President Biden on Nov. 11 signed the Secure Equipment Act, which will prevent equipment manufactured by Chinese state-backed firms such as Huawei, ZTE, Hytera, Hikvision, and Dahua from being further utilized and marketed in the United States.

The bipartisan bill passed the Senate Oct. 28 with unanimous approval after clearing the House of Representatives Oct. 20. The bill was originally co-sponsored Reps. Anna Eshoo, D-Calif., and Steve Scalise, R-La., in the House, and co-sponsored in the Senate by Sens. Ed Markey, D-Mass., and Marco Rubio, R-Fla.

“I’ve fought for over a decade to address vulnerabilities in our telecommunications infrastructure that directly impact our national security,” Rep. Eshoo said in a joint release with the bill’s other co-sponsors. “I thank President Biden for signing the Secure Equipment Act, our bipartisan, bicameral legislation into law. Now the FCC is prohibited from issuing licenses for any equipment made by companies that pose a threat to our national security.”

The bill requires the Federal Communications Commission (FCC) to adopt rules that clarify that the agency will no longer issue new equipment licenses to any companies on its “Covered List or Services List” that pose a threat to national security. The FCC’s new rules will build on existing rules that prevent telecommunications companies from using Federal funding to purchase equipment from companies on the list.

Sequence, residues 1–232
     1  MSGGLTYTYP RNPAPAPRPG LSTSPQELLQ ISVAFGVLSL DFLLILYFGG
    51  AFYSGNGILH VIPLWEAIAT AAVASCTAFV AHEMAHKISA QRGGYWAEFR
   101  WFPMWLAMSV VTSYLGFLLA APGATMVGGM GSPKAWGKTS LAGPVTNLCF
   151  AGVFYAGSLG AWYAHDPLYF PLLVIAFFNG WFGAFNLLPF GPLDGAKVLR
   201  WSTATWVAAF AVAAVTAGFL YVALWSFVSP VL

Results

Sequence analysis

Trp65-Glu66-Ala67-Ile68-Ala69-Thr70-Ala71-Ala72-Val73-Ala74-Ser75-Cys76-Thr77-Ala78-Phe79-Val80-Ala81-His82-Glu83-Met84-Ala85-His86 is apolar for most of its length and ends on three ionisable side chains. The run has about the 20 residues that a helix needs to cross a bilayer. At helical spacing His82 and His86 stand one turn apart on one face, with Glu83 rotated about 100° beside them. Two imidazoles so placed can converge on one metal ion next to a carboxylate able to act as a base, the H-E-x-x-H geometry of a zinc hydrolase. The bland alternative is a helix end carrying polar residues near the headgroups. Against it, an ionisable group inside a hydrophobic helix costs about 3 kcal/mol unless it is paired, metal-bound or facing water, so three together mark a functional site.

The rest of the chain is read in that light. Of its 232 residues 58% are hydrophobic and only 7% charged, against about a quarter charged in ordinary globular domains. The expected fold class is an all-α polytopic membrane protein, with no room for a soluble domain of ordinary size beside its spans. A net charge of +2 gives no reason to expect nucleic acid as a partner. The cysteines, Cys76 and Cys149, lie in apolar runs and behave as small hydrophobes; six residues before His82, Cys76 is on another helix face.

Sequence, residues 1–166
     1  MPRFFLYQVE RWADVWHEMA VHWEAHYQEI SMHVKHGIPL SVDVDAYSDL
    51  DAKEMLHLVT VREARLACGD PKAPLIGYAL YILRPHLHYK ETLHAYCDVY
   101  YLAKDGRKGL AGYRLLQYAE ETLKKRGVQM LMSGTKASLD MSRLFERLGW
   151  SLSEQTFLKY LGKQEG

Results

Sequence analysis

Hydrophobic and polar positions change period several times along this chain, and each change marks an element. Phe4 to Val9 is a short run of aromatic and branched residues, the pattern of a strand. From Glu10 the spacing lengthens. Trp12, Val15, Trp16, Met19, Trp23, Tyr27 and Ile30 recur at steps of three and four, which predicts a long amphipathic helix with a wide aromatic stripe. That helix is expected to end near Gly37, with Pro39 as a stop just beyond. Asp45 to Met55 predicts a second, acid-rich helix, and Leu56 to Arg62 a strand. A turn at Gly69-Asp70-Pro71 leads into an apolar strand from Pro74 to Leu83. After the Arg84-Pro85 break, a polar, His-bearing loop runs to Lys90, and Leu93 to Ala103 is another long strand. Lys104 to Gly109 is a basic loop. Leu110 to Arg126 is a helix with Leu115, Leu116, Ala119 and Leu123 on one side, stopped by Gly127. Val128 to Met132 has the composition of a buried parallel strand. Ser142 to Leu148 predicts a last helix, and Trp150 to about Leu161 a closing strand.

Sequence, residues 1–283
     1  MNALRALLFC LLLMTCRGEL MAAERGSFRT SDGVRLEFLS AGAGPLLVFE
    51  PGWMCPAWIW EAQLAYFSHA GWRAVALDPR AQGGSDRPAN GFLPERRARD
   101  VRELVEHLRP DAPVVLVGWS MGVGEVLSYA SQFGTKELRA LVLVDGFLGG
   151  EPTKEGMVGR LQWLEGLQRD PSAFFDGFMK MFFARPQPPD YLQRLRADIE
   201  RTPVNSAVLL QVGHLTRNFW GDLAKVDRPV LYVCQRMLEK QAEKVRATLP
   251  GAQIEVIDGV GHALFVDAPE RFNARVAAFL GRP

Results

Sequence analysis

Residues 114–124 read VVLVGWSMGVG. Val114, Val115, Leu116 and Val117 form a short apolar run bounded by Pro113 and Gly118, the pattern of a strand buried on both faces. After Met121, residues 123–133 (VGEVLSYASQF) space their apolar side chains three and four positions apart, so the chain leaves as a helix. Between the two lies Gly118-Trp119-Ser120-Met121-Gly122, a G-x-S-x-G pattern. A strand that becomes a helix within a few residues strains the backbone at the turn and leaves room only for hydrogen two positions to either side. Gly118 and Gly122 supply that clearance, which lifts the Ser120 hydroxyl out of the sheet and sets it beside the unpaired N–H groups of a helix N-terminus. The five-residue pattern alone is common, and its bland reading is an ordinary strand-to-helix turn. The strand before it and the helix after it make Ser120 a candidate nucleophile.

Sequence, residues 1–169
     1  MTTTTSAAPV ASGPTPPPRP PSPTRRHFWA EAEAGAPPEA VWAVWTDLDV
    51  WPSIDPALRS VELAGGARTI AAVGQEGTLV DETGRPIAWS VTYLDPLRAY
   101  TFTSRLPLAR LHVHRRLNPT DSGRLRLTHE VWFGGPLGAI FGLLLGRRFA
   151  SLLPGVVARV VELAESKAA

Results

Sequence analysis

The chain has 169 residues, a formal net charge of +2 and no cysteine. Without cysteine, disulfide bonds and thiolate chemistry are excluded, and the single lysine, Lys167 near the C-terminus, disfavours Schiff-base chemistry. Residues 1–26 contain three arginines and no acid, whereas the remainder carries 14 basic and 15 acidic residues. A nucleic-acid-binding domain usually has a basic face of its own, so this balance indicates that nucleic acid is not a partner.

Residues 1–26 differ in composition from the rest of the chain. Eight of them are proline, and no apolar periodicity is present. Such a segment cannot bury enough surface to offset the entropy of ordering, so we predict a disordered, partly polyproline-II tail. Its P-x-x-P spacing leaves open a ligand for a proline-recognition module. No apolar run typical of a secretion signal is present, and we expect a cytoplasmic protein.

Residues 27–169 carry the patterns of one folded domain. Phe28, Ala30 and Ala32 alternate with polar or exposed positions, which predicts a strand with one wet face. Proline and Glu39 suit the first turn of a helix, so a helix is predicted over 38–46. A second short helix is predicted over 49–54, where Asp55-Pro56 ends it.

“The Secure Equipment Act of 2021 will improve our safety as a nation by ensuring that untrustworthy communications equipment is not authorized for use within our borders,” FCC Chairwoman Jessica Rosenworcel said in the release. “Senators Markey and Rubio, and Representatives Eshoo and Scalise’s continued dedication to this issue mirrors our efforts to update the Federal Communications Commission’s equipment authorization procedures.”

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Lamar Johnson
Lamar Johnson
Lamar Johnson is a MeriTalk Staff Reporter covering the intersection of government and technology.
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